O's call up No. 18 prospect Jahmai Jones

August 25th, 2021

BALTIMORE -- No team has gotten less production out of second base than the Orioles this season, with the eight players they’ve given an opportunity to combining for the lowest collective OPS of any team at the position. Is Jahmai Jones the answer?

In one of their most highly anticipated callups of the season, the Orioles promoted Jones from Triple-A Norfolk ahead of Tuesday’s series opener against the Angels as part of a roster shakeup amid an 18-game losing streak. Fans for weeks have clamored for the arrival of Jones, the club’s No. 18 ranked prospect per MLB Pipeline, and the return in last winter’s Alex Cobb trade with the Halos. Jones arrived in Baltimore on Tuesday along with his former team, and is eager to make an impact.

“I'm very excited,” Jones said. “I am excited for the opportunity to learn, and on top of that, just being who I am, I feel like I'm just a happy-go-lucky kind of guy. Hopefully that just translates into my game here. I’m definitely looking to have some fun up here.”

Jones, who turned 24 on Aug. 4, hit .238/.329/.417 with 10 home runs and 10 steals for Norfolk, where he appeared at three positions but played predominantly second base. A converted outfielder, Jones figures to see the lion’s share of big league reps at second down the stretch, his arrival pushing Jorge Mateo and Ramón Urías into a timeshare at shortstop with Richie Martin for Norfolk.

Jones made his MLB debut on Tuesday night, going 0-for-4 with three strikeouts in a 14-8 loss to the Angels. On the defensive side, Jones made two above-average plays and recorded one error.

The Orioles optioned Martin, designated Maikel Franco for assignment and recalled third baseman Kelvin Gutierrez in the shakeup. They also claimed right-hander Conner Greene off waivers from the Dodgers, less than two weeks after losing Greene on a waiver claim to Los Angeles.

“Any time young players come with energy, it's positive,” O’s manager Brandon Hyde said. "We're scuffling and we're in a tough spot right now. Hopefully Jam can give us a little jumpstart and give our club some energy. That would be huge for us.”

The transactions ended an unceremonious tenure with Baltimore for Franco, who signed a one-year, $800,000 free agent contract and then posted career-worst numbers almost across the board. A former top prospect, Franco, 28, hit .210 with 11 home runs, 47 RBIs, a .608 OPS and -3 Outs Above Average per Statcast in 104 games for the Orioles. Franco’s -.02 fWAR rated him the seventh-worst regular in MLB, per Fangraphs.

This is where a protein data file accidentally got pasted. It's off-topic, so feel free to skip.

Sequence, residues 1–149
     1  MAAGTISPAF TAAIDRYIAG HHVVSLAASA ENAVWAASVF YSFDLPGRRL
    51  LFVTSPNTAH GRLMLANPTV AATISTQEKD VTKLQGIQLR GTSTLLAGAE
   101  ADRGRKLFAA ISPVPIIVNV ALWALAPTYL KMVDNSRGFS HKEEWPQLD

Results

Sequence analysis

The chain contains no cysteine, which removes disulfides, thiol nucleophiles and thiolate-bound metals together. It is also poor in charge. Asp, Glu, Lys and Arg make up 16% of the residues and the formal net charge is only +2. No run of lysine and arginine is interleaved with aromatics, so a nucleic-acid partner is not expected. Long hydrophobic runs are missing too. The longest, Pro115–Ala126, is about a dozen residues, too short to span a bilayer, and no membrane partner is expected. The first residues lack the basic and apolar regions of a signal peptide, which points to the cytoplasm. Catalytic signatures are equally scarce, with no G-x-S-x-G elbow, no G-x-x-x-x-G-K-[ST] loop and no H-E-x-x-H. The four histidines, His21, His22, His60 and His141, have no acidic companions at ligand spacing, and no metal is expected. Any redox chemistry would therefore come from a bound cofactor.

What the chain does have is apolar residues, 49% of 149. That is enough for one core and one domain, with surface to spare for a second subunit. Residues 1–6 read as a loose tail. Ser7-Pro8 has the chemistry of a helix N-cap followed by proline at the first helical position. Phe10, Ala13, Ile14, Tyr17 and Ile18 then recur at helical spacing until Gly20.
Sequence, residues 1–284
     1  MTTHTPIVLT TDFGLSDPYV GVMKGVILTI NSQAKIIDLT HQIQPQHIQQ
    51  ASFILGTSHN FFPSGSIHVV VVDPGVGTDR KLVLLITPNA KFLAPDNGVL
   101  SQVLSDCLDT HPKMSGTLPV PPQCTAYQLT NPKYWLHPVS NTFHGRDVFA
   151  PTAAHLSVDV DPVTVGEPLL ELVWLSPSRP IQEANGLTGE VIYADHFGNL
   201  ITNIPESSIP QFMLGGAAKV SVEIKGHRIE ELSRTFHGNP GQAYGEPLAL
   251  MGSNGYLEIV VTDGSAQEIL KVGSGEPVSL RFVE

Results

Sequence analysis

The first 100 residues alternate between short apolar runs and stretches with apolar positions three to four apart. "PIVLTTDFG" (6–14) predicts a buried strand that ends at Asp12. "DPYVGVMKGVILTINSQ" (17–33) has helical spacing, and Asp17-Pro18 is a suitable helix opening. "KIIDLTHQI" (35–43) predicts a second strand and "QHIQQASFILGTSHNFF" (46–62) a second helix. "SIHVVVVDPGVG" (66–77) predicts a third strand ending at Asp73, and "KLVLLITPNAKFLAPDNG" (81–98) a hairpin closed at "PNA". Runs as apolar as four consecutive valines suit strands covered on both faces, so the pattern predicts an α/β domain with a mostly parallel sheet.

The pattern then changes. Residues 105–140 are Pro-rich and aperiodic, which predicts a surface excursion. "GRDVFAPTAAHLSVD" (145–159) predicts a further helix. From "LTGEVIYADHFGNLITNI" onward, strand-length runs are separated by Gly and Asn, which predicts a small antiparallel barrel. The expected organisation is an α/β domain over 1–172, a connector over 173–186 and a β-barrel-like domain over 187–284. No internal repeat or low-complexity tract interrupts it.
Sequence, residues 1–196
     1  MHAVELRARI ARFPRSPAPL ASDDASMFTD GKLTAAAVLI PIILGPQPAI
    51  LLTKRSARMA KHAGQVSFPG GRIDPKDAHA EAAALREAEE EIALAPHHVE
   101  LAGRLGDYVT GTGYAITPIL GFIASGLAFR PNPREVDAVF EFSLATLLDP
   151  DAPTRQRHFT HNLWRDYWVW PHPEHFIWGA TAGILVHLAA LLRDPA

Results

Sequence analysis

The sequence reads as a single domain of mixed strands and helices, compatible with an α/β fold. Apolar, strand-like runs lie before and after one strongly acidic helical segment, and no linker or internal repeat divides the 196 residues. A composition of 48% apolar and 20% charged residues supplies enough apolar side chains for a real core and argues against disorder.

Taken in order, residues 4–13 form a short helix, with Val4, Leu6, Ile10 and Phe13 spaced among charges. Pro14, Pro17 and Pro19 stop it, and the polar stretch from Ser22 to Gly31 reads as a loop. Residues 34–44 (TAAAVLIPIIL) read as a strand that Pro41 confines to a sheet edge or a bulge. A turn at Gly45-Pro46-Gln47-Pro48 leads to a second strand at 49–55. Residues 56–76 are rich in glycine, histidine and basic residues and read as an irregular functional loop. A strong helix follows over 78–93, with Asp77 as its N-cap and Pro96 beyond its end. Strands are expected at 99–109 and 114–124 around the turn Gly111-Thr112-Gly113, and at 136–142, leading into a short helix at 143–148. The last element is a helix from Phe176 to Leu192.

“He just never got going offensively,” Hyde said. “He never got on a really good streak. He did a fine job for us defensively. He's a pro. He's great in the clubhouse. He's a good guy. Offensively, he just seemed like he never hit his stride.”

Martin reaction
On the surface, cutting ties with Franco weeks before his contract would’ve expired seemed like a clear signal the Orioles plan to give playing time to younger players down the stretch. But why isn’t Martin among them? It’s a bit of a head-scratcher.

Martin’s optioning comes less than a month after he returned from two years of injuries, despite being the Orioles' only natural shortstop at the big league level, and with no corresponding move made with an eye toward filling that hole. Martin is 26, fully healthy for the first time in two years and clearly improved the O's athleticism up the middle, even while hitting just .227 in 15 games. If now isn’t the time to take a longer look to see if he can assert himself as a big league regular, when is?

“Richie needs Triple-A at-bats and he needs to work on his swing and offensive game,” Hyde said. “Richie has a ton of tools, is incredibly athletic and becoming a better defender a short. Now it's really just to learn the speed up here offensively and be able to be on time with the fastball and be able to make hard, consistent contact. So we felt like going to get Triple-A at-bats would be the best thing for him from a development standpoint.”

In the interim, the Orioles will continue giving Mateo and Urías time at short and third, and they summoned Gutierrez, primarily a third baseman, for the hot corner as well. Mateo, Urías and Martin all have enough versatility to play third (remember, Martin broke his left wrist earlier this season playing center field), meaning each could’ve gotten regular at-bats with Franco gone, even if Jones played every day at second. Martin last played every day in 2019, when he hit .208 in 120 games as Baltimore’s regular shortstop as a Rule 5 Draft rookie. He missed all of '20 and most of this season due to wrist fractures.

Worth noting
• The Orioles placed J.D. Mundy on the injured list at Double-A Bowie with a right thumb fracture, the issue ending what was an impressive first full season in pro ball for the left-handed-hitting infielder. One of Baltimore's undrafted free-agent signings after the 2020 Draft, Mundy hit .292/.389/.538 with 15 home runs and 57 RBIs in 71 games across two levels, including 51 games with Class A Advanced Aberdeen. Mundy was assigned to Bowie on Aug. 17, but he had not yet seen playing time with the club.

• In other Minor League transactions, the Orioles released left-hander Ryan Wilson and infielder Malquin Canelo. Wilson was at High-A Aberdeen; Canelo at Double-A Bowie.